As the members of the original Spirit Squad fought over the issues they agreed on (yes, you’re reading that right), there was one thing they always agreed on…food. There’s that term again. So maybe sharing a recipe isn’t such a strange thing to do after all. Perhaps the question is, who will we invite to sit with us? Who will we welcome into our homes? These are questions I ask myself every day. I also ask myself what it means to genuinely love my neighbor, especially when we don’t agree. How do I implement the next right step when there is so much to be done? How do I effectively, compassionately advocate for some of the most vulnerable in communities close to home and around the world? The answers I keep coming back to are the same.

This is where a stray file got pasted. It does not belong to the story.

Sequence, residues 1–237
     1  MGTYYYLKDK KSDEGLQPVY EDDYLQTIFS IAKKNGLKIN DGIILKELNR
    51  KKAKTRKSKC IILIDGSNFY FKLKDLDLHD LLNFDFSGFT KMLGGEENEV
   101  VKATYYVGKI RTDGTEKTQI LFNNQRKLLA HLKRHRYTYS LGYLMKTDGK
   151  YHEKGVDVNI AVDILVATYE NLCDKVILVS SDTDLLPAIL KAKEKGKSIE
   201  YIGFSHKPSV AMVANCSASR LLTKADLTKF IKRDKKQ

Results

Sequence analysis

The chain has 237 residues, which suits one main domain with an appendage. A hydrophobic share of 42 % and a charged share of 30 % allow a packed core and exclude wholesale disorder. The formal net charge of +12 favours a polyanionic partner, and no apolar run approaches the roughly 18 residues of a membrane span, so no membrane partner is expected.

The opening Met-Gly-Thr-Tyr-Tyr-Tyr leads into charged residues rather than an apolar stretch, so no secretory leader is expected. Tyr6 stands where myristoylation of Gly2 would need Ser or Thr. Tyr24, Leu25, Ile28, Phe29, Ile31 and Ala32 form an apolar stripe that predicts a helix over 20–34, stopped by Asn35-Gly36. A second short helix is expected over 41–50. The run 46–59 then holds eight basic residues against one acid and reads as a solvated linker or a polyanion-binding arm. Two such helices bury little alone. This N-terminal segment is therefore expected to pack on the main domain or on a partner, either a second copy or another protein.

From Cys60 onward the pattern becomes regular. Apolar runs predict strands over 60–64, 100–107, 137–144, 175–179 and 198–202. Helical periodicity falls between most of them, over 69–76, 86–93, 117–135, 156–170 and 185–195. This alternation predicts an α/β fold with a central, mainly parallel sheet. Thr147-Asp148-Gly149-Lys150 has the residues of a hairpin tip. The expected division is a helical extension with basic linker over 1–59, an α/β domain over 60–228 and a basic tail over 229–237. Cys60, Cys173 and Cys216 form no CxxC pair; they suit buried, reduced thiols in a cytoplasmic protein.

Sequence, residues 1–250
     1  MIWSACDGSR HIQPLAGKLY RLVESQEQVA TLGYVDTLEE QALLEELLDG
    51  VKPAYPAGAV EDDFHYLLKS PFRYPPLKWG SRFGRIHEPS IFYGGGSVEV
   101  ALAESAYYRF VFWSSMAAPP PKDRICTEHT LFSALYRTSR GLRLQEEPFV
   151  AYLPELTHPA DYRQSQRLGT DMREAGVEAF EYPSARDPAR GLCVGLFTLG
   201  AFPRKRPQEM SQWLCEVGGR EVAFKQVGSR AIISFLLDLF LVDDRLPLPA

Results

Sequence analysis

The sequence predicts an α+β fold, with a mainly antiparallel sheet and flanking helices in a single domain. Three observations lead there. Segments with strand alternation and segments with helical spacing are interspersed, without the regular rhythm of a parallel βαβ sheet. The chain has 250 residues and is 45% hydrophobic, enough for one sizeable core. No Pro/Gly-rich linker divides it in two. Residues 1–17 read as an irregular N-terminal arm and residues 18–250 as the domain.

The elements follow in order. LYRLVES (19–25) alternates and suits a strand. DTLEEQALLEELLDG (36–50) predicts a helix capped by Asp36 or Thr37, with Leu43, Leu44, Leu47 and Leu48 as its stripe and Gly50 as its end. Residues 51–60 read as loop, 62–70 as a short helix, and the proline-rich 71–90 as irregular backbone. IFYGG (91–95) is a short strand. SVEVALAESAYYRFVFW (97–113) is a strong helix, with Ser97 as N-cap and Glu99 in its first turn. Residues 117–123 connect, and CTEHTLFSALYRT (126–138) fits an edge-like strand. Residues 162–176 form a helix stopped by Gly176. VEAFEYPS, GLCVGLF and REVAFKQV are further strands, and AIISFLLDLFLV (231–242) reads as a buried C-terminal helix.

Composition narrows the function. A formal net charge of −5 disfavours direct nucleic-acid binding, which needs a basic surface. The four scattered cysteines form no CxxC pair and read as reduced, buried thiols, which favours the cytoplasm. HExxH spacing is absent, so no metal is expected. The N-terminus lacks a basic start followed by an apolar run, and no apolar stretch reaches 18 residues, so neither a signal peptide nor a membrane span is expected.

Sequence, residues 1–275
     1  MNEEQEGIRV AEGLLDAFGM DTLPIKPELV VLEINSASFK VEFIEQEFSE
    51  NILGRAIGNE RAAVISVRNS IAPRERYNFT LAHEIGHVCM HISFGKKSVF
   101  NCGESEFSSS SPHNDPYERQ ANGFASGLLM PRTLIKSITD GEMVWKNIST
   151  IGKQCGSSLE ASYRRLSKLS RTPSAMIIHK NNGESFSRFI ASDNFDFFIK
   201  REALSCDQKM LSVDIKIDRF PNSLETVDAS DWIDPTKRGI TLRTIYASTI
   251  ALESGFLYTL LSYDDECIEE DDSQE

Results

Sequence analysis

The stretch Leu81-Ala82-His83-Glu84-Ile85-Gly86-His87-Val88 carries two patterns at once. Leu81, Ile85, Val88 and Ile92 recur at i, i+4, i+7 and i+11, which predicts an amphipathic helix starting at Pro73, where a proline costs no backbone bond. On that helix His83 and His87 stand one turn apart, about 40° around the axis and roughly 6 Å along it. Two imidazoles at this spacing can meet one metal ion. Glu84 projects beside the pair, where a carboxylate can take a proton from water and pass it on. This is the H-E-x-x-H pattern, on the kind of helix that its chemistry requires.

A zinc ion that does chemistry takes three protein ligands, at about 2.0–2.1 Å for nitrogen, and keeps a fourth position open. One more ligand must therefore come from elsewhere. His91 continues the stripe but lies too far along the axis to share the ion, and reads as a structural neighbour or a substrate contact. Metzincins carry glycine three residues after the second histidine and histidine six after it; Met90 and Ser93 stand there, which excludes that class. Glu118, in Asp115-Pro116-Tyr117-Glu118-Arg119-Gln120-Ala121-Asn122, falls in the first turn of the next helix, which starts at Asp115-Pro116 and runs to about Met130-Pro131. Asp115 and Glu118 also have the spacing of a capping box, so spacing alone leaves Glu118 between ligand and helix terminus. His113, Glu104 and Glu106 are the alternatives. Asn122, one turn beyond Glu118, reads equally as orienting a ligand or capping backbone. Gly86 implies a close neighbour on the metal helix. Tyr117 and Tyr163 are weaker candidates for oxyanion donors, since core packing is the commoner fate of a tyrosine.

Lead with kindness and listen honestly.
What does that look like? For one, I refuse to stop speaking. I will continue to advocate for those whose voices are lost in the shuffle. Two, I also promise to listen, and not just to those with whom I agree.
You are always welcome here at Spirited and Then Some. No matter where you have been or where you are going on life’s journey (to poorly paraphrase my church’s weekly statement of welcome), there is room for you at this table. We’ll eat our food, sip our beverages, and see what we can do to bring about positive change.
As for the food we just might savor, today I bring you our family’s pride and joy. Paleo Spaghetti Squash Noodles, or as I affectionately call them, spoodles. This should not be confused with zucchini noodles, which we call zoodles, or yellow squash noodles, which we call squoodles. Wouldn’t you know it, now that we have this recipe, we are cleared to try a few grains on a temporary basis. But this recipe? I kind of love it. A. Lot. Perhaps those around you will enjoy it, too.